It is easy to imagine every user excitedly reading every letter you write and every pixel you make. Get over it, because real users don’t do that. They scan. Scanning means they only stop to read when something catches their eye. So today we will learn about scanning patterns:
Let’s start with the most boring design I can imagine: an entire newspaper page of solid text. All one story. No headlines. No images. No breaks or pull quotes. Just text, in even columns, from corner-to-corner.
In a design like that — which I hope younevercreate — users will generally scan it in a pattern something like the “Z” shown above.
If we add a bigger headline (visual weight), create one column to follow (line tension), and use smaller sections (repetition)we can get people closer to the famous F-Pattern.
The colorful image above shows eye tracking results, called “heat maps”. Eye tracking records where people look; the longer they look at something, the more “hot” it looks in the heatmap.
The F-Pattern works like this:
- Start in the upper left corner, like the Z-pattern.
- Read/scan the first (head)line of the text.
- Scan down the left side of the column until you find something interesting.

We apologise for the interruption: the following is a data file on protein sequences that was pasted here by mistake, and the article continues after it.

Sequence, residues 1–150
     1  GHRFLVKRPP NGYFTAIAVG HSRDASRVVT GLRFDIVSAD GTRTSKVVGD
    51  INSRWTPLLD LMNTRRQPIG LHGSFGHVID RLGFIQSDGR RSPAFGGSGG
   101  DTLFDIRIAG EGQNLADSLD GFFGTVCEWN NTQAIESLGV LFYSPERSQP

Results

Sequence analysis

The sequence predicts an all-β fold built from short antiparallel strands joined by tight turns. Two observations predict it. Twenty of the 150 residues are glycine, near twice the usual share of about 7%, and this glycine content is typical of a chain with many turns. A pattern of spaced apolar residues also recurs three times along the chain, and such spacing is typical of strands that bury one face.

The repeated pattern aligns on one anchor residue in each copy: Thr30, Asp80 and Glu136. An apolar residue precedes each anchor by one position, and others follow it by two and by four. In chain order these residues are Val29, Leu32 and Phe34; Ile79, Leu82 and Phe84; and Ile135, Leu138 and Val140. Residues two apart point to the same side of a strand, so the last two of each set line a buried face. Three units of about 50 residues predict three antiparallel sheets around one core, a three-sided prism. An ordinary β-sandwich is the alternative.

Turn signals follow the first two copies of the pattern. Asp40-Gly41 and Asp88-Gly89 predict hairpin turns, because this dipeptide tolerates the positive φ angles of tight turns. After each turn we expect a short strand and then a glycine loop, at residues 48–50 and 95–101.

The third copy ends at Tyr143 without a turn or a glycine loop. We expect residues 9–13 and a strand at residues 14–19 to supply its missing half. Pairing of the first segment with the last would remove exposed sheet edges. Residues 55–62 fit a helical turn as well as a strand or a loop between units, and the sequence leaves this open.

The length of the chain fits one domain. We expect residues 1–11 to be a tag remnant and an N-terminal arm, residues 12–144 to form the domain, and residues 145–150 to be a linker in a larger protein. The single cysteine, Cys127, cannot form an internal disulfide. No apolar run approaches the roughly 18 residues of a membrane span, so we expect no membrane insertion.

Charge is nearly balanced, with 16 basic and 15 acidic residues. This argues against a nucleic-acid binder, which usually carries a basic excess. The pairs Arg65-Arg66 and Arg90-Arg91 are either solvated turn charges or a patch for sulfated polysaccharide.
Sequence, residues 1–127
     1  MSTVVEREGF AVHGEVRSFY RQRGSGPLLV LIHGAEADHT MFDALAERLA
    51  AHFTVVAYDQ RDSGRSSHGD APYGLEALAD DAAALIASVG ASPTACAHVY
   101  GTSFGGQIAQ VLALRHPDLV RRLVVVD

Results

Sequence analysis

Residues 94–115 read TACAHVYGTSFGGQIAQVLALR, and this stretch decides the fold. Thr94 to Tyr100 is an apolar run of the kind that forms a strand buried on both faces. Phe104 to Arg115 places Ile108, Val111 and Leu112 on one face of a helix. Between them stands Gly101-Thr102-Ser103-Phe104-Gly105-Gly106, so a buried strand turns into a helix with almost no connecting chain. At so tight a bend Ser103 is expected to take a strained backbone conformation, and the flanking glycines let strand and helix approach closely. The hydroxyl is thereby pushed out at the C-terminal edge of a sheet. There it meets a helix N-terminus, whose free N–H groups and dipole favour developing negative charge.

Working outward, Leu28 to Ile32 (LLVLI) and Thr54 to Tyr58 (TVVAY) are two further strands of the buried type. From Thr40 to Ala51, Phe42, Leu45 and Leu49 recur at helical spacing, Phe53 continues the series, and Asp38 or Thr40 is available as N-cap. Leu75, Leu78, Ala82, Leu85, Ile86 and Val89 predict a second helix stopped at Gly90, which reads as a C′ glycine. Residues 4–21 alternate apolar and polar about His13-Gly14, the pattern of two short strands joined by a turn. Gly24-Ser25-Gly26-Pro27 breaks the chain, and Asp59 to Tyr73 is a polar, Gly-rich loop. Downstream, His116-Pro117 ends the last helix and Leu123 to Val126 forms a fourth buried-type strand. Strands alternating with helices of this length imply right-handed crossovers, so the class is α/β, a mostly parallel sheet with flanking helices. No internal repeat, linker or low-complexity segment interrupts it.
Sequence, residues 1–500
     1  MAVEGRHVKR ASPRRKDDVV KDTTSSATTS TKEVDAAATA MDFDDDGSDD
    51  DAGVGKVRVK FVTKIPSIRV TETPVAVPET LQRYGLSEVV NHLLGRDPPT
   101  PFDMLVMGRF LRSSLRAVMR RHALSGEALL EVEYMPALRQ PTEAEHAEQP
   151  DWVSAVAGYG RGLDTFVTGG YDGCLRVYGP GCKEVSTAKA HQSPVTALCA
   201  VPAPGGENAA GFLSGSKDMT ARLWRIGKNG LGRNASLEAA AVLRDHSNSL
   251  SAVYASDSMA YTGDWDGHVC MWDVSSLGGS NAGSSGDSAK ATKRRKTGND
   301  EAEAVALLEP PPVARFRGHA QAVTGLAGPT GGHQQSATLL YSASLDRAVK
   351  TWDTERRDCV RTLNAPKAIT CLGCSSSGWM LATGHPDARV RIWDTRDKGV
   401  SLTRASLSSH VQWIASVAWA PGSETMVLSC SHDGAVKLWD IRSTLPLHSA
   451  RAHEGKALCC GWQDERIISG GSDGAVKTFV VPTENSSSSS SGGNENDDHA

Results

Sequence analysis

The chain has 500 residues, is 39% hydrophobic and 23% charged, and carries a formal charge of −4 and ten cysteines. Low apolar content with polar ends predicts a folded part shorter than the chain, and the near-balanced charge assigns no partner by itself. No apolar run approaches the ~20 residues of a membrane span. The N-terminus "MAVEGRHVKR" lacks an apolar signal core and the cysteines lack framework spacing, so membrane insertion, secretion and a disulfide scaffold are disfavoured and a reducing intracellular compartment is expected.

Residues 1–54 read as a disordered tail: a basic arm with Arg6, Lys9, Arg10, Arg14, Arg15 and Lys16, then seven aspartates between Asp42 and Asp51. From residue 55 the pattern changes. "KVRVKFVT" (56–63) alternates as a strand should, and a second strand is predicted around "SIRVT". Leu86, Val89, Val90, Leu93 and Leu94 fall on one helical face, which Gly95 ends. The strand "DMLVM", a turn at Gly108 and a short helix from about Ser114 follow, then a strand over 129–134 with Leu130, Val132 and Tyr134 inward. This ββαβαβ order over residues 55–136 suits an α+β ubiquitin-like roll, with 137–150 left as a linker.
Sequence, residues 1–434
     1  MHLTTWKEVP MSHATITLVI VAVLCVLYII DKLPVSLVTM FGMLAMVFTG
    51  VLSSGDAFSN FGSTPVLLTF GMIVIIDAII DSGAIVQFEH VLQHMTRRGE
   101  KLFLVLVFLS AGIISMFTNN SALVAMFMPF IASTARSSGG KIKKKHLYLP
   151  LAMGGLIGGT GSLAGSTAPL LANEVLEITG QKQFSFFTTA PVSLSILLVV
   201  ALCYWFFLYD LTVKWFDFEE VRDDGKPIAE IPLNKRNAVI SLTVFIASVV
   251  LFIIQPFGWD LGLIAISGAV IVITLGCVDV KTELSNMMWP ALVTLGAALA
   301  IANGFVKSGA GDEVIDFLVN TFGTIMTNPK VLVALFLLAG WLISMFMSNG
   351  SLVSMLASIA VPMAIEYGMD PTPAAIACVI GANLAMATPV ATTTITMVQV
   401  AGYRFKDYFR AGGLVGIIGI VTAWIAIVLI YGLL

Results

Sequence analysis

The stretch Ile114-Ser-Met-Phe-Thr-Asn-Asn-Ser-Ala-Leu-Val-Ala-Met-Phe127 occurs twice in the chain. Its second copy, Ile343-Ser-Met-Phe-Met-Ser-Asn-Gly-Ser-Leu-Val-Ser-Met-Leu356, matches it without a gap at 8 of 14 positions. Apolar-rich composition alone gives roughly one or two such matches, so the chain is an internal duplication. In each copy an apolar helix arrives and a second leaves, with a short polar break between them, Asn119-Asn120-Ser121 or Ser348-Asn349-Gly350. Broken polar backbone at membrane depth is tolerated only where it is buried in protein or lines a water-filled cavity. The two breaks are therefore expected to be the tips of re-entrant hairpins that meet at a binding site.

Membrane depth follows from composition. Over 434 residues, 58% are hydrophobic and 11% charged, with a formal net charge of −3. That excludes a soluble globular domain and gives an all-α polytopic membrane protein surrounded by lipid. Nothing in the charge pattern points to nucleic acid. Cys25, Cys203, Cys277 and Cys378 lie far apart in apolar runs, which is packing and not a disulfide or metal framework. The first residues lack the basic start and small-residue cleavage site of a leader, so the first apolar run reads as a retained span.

- Read the interesting thing more carefully.
- Continue scanning down.
By repeating that method over and over, the heatmap starts to look like an ‘E’ or an 'F’, hence the name.
You may notice that some parts of the page get lots of attention “naturally” while other parts of the page are overlooked most of the time. This is what we mean by “strong” and “weak” spots in a layout.
A button in the top left will get more clicks than a button in the top right, which will get more clicks than a button in the bottom left, which will get more clicks than a button in the bottom right. And all of those will get more clicks than something randomly stuck in the middle …unless you do something about it.
It might also be good to know that each “block” of content and each column can have their own F-pattern. It doesn’t have to be one-F-pattern-per-page.
When you consistently use typography to indicate the importance of text, and certain colors to highlight buttons, and when you give more visual weight to things that matter, it creates a visual hierarchy. i.e. — a design that people can scan easily. Our eyes jump from important thing to important thing rather than scanning like a robot.